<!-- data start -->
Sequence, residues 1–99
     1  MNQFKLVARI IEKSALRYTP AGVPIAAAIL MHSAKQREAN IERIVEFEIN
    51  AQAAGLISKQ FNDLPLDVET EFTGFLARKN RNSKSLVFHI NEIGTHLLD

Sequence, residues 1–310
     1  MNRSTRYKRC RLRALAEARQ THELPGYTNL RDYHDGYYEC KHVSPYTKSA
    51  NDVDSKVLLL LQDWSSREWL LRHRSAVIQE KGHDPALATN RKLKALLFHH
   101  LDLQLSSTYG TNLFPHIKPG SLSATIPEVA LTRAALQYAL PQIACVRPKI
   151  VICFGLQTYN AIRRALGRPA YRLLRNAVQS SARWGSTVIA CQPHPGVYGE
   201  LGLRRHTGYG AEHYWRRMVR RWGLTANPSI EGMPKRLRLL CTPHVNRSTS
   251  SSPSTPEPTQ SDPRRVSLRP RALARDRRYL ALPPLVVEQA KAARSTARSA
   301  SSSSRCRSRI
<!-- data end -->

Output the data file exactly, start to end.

Sequence, residues 1–99
     1  MNQFKLVARI IEKSALRYTP AGVPIAAAIL MHSAKQREAN IERIVEFEIN
    51  AQAAGLISKQ FNDLPLDVET EFTGFLARKN RNSKSLVFHI NEIGTHLLD

Sequence, residues 1–310
     1  MNRSTRYKRC RLRALAEARQ THELPGYTNL RDYHDGYYEC KHVSPYTKSA
    51  NDVDSKVLLL LQDWSSREWL LRHRSAVIQE KGHDPALATN RKLKALLFHH
   101  LDLQLSSTYG TNLFPHIKPG SLSATIPEVA LTRAALQYAL PQIACVRPKI
   151  VICFGLQTYN AIRRALGRPA YRLLRNAVQS SARWGSTVIA CQPHPGVYGE
   201  LGLRRHTGYG AEHYWRRMVR RWGLTANPSI EGMPKRLRLL CTPHVNRSTS
   251  SSPSTPEPTQ SDPRRVSLRP RALARDRRYL ALPPLVVEQA KAARSTARSA
   301  SSSSRCRSRI